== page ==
Consider spiritual counseling. Many people find comfort in seeking help from spiritual leaders who can guide them toward forgiveness. The power of prayer has been successful toward healing and alleviating feelings of guilt and shame, which are motivators for people seeking forgiveness for various reason.
Set therapeutic goals for yourself. Commit to changing your behavior. In both psychotherapy and physical therapy, you will benefit from setting goals. Engage in the process by allowing yourself to be open and vulnerable. Don’t abandon the process just because it gets difficult. Your hard work will pay off and leave you with a healthy sense of accomplishment.
Identify your objectives. For example, would you like to feel more at peace toward a family member who betrayed you? Tell the therapist that this is one of your goals.
Reward yourself when you reach your goal. Your motivation will increase if you reward your accomplishments.
Adjust your objectives rather than give up.
Continue to make new goals as it will keep you engaged in life.
Enhance your support system. Surround yourself with people who care about you. This includes family, friends, and co-workers. Branch out and meet new people to expand your circle of support. You have learned so much through the therapeutic process that you feel resourceful and confident. A good support system will help you reduce stress and may even boost your immune system.
Exploring your interests may lead to joining groups that allow you to meet new people, and experience new situations.
Forgive and accept yourself. Personal struggles can leave you feeling bad about yourself. You may feel guilty for not taking care of yourself in a situation or you unfairly blame yourself for what happened. You can learn to manage feelings of guilt and shame rather than try to eliminate them.
If you have chosen to participate in cognitive behavior therapy, it will help you examine your thoughts and develop new more effective ways of thinking about yourself.[Edit]Tips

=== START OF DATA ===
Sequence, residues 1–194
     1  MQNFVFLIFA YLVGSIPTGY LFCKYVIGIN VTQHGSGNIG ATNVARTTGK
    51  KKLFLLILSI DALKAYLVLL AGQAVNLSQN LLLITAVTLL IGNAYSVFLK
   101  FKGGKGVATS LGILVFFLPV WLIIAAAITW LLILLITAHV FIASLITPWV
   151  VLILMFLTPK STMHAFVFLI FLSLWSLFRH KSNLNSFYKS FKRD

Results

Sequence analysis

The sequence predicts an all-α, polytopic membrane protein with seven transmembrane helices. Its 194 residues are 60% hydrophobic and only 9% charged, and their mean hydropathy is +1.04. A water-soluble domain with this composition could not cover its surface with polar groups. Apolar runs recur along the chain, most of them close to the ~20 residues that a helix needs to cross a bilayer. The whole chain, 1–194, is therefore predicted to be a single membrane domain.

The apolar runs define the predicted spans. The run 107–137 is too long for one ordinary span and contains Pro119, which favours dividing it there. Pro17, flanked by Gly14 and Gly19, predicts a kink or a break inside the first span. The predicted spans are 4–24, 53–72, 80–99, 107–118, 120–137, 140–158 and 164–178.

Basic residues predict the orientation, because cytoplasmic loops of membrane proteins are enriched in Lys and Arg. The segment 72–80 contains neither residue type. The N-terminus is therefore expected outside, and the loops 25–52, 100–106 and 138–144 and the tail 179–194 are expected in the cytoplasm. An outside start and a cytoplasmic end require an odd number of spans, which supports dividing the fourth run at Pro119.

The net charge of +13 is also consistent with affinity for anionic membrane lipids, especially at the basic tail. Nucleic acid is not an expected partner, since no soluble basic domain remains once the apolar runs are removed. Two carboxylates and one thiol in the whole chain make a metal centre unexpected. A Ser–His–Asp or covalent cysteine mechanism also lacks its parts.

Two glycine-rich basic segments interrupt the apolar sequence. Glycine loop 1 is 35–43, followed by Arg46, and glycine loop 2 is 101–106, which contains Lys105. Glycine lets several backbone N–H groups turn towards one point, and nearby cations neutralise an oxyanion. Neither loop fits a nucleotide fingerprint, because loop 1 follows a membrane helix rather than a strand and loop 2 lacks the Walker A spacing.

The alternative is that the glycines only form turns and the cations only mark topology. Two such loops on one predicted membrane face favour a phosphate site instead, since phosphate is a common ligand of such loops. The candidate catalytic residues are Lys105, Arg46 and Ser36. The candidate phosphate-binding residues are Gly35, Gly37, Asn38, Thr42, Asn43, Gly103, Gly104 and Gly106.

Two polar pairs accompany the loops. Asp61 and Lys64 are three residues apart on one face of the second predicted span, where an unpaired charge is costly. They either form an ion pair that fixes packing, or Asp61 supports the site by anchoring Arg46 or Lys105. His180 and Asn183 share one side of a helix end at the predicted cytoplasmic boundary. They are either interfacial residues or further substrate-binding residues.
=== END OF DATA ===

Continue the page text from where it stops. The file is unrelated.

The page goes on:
Sometimes it helps to think of how others have forgiven under incredible circumstances. Ask friends for support and examples to motivate you toward forgiveness.
Studies have shown that forgiveness depends upon whether a person believes they must have an interaction with the offender.  You can decide if that is necessary for you to achieve forgiveness.
It is never too late, if you are willing, to seek professional help for your issues. Change is not easy, but it is possible if you are willing to put in the effort and find ways of coping with your challenges.
Licensed therapists are trained to help others learn to manage the struggles that are impacting their lives.
Being honest and sincere when apologizing increases the chances that a person will be forgiven.
If you served in military combat and witnessed acts that were not in line with your morals, you will benefit from gaining the skill of self-forgiveness through therapeutic interventions.
Put your best mental energies (perhaps first thing in the morning) into visualizing the new life you want. See yourself in the future as free of this pain and suffering.
Remember you’re not perfect either, and empathise with why the person might have done what he did[Edit]Warnings
Certain mental illnesses hinder a person’s capacity to forgive. A psychopath may never experience shame or guilt for an offense, which are two factors that motivate forgiveness.
Unconditional forgiveness is not predicated on any act or request from the offender. The act of forgiveness is intended to free you from the rage, depression, and despair that nursing a grievance causes.
Forgiveness is hard, but living with a grudge is even harder. Keeping grudges bottled up can be very dangerous, and can hurt people in ways you might not have imagined.[Edit]Related wikiHows
Accept an Apology
Forgive a Cheater
Recognize a Controlling Person
Identify Emotional Abuse
Forgive Yourself After Hurting Someone
Become Positive Through Forgiveness
Let Go of Past Hurts[Edit]References
[Edit]Quick Summary↑ http://psychcentral.com/lib/the-health-benefits-of-journaling/